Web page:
Benoît Maire was born in 1978 in Pessac, France and live and work in Bordeaux, France. They graduated from Villa Arson in Nice and Sorbonne Paris 1 in Paris, and completed a postgraduate at Palais de Tokyo, Paris. Recent solo exhibitions include Croy Nielsen, Vienna and Arsenal, New York. They also had exhibitions at Meessen de Clercq, Brussels; Kiria Koula, San Francisco; and DRAF, London, among others. They directed the full-length film Repetition Island, which was presented at Tate Modern, London and at Centre Pompidou, Paris. Recent publications include History of Geometry, (Archive Books), The Object of Criticism, (Roma Publication) and Benoît Maire, (Drawing Room Confessions).
Benoît Maire works in various media, but mostly in the form of complex installations. In their work, the artist mixes objects of such discrepant origins as crystals, stones and minerals with remnants of antique sculptures, stark geometric structures and contemporary everyday tools such as keyboards, computers and spanners. By juggling these disparate forms and, with them, different times, places, cultures and languages, Maire creates aesthetically-pleasing but tense environments whose parts seem to sit at odds with one another and our expectations.
In this heterogeneous milieu, objects are the sum of a plethora of foreign parts and appear like strange bodies constituted of alien organs. As a rule, they are of human scale, similar to the objects we share our daily lives with, hence our bodies and senses recognise them naturally, without much resistance. They appear as some strange souvenirs brought back from forgotten places, as some ancient treasures extracted from lost cultures. In sum, they are simply beautiful in their appearance.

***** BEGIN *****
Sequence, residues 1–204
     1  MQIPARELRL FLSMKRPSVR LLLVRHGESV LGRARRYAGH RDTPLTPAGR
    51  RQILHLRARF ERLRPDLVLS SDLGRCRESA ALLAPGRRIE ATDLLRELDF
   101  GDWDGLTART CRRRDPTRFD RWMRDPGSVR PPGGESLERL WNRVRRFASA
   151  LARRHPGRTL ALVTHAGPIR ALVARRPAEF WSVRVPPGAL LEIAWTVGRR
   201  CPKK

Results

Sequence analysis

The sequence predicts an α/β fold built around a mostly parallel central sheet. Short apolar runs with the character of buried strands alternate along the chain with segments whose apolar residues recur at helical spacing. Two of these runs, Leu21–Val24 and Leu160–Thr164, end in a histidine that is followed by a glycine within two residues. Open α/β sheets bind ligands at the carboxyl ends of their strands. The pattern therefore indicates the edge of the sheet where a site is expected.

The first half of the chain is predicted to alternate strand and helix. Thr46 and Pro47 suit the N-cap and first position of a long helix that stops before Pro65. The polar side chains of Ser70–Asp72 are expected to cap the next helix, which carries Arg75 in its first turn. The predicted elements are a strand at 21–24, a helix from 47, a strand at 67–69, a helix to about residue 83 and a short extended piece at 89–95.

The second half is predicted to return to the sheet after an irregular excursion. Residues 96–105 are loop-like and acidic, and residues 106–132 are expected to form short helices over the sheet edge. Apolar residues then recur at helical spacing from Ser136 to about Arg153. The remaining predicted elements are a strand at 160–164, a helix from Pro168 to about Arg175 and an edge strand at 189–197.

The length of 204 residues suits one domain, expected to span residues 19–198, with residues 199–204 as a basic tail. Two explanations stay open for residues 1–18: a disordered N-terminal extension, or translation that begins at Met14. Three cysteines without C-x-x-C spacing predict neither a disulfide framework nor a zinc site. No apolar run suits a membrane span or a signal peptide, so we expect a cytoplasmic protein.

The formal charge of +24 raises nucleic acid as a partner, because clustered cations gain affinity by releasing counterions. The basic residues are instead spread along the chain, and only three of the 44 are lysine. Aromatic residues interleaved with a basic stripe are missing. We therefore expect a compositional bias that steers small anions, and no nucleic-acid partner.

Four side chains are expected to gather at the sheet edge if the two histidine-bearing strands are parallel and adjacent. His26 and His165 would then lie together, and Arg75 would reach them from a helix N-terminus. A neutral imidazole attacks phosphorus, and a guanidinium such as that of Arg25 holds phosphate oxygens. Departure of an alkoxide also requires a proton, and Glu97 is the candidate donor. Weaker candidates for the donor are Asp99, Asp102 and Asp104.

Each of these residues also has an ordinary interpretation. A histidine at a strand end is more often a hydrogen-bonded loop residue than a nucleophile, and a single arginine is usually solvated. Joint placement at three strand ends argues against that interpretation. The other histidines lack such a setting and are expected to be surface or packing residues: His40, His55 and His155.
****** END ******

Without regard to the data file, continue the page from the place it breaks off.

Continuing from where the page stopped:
But then an uncanny feeling appears. Maire’s works point us in a multitude of directions, none of which fit easily into one, comprehensive universe. Instead, they constantly keep us in an undefined state of in-betweenness. The urge is to brush off the feeling by trying to explain it, to speak about it, but it is not so easy to find a proper language for this task. The works and their constitutive parts accumulate chasms of abyss in the diversity of their signification. One would like to put them in a nice linear sentence, but they would rather exist in overlapping and discrepant rhizomes instead, only partially baring their structure.
There is an apparent, strong philosophical background to each of Maire’s acts, but it is hidden by the promiscuous relations that the constitutive parts in their work have to each other and to language, so that each attempt at decoding resonates in a polyphony of misaligned voices. Their work always begins with a conflict between what is said and what is seen and, due to their theory-laden background and its fluid interpretation, results in being neither art nor philosophy.
For the Baltic Triennial 13, Maire has created a new work, titled Society (2018). Various objects are placed on custom-made tables, as subjects in a social construct who co-exist together on one unifying terrain. Since 2015, Maire works in collaboration with the artist and architect collective ‘Ker-Xavier’. In partnership with them, Maire has conceived a set of specific furniture, which is subordinate to other work by the artist. The furniture might retain its traditional functionality in this instance. It can act as a platform, or a plinth on which other objects might be placed, such as the tables presented at the BT13, which form the base of the installation and are simultaneously a work in their own right..